Sunday, October 7, 2007

Out of Africa; Into the Garden of Eden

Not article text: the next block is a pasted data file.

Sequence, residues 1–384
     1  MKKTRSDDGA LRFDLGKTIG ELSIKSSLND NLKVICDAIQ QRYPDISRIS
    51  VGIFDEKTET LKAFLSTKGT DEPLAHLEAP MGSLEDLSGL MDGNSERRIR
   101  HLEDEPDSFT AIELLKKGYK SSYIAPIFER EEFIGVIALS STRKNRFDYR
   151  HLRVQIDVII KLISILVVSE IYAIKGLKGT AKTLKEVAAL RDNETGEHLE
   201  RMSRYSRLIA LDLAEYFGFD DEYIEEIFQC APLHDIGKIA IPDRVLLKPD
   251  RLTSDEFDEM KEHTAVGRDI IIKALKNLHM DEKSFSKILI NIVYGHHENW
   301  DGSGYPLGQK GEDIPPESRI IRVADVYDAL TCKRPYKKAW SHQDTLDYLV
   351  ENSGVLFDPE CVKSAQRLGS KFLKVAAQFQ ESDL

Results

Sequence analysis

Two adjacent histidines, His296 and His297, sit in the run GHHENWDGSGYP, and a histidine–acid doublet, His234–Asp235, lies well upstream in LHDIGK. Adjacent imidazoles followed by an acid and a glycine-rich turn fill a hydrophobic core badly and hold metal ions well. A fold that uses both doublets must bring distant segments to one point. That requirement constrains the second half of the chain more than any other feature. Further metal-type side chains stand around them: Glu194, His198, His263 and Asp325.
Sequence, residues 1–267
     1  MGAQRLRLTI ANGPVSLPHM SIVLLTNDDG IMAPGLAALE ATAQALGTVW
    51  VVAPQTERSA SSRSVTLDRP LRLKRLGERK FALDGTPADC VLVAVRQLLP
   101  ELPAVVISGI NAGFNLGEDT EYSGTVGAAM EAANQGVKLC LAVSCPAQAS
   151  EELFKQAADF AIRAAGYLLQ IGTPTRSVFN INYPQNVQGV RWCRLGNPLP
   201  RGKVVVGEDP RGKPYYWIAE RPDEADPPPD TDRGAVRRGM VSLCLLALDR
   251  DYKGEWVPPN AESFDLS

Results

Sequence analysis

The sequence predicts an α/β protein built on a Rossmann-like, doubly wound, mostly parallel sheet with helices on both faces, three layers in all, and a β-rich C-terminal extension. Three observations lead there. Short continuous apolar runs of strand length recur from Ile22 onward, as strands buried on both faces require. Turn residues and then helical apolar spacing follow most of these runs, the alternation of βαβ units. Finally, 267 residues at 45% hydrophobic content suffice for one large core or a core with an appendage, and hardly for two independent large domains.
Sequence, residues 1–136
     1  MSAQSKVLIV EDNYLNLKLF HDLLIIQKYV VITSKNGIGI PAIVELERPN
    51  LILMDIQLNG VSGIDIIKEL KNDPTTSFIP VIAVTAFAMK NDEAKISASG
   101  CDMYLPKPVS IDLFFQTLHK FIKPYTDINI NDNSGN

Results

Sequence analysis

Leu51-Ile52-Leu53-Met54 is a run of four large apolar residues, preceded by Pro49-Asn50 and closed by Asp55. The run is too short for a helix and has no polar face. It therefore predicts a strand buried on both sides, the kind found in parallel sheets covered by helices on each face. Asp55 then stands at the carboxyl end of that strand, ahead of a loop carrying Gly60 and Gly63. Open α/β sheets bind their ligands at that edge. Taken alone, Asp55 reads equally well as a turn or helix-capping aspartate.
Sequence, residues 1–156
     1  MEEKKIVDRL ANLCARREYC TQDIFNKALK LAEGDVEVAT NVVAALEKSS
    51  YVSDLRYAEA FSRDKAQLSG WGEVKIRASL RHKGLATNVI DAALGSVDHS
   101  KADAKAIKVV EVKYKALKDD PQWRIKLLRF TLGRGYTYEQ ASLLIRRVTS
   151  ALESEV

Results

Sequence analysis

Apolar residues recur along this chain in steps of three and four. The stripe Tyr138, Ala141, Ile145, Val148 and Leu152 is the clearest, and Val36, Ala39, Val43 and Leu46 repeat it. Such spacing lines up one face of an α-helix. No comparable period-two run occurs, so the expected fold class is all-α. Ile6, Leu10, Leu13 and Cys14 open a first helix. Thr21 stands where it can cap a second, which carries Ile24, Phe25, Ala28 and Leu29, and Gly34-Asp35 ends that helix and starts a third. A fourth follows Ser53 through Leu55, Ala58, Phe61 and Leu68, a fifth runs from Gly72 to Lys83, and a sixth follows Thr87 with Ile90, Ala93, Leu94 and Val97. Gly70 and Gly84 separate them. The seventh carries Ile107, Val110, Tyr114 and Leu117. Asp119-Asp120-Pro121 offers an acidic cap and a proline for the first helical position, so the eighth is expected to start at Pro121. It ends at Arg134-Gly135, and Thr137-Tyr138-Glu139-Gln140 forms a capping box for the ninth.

Having just returned from a 2 week Safari in the Masi Mara, Kenya and Londolozi, South Africa, I am overcome with visual contrast of returning to the Pacific Northwest. The silent density of grays surround me in my return to the deep fog of Washington State. The color palette of life here is far from warm. It feels quiet, but not serene. In Africa, where colors are sharpened with saturating, inspiring light, the people and animals are stroked with such detail I feel enlightened again. Where fushia bougainvillea pour from the gates of the poorest neighbors, and the Masai people travel across the horizon weaving red trails across the golden land with their vibrant tribal dress. Black rhinos disappear in sways of tall grass and crocodiles sharp disappear before my eyes; the light allows nothing to be hidden. But the cleverness of evolution defeats the light as a giant black rhino disappears before my eyes into 10 feet of brush.... Nowhere is more evident that these animals are designed perfectly in their evolution...Africa not only pounds the heart in my chest, but enlivened my soul, blessing my eyes with the wonders of color and light, and mystery. At Dave Varty's glorious Londolozi Camp, in depth of nightfall we sat in open jeeps, 20 feet from five full maned, adult lion brothers who roared their presence to the stars. (Imagine dancing in front of a booming speaker; how it pounds through your skin; removing your brain, deep into your belly. This 'depth' of sound comes from the throat of a lion roaring. Now imagine 5 lions, in chorus to brother 6. Pavarotti would be astounded.) We witnessed leopards mating, continuously through the night. We saw seven 'crossings' of wildebeest and zebra surging through rapid river, to get to the 'grass is greener on the other side'. Crocodiles took many. Babies were brave to cross twice seeking mothers. Zebras brayed and risked their lives-leaping in dangerous waters edge- to demonstrate to families following which cliff steep path to climb safely. People who 'prayed for a kill' were very few within minutes. Water buffalo came to our tent-step, elephant bulls 'arm wrestled' clacking tusks and trumpeting challenge. One elephant stood on 'tip-toe' to reach delicious branches high above. 'Out of Africa' cannot begin to tell the story of the real place that is home to us all. The migration at Masi Mara showed me that Eden must have been there- right there- as minions of steinbok and waterbuck, warthog, elephant, kudu, topi, birds of every color, zebra, wildebeest and lions fat with feed all stood together, Peacefully, in one plain as far as my eye could see. I now believe in that epic, legendary place that was known as the Garden of Eden. Blessings, Robbi

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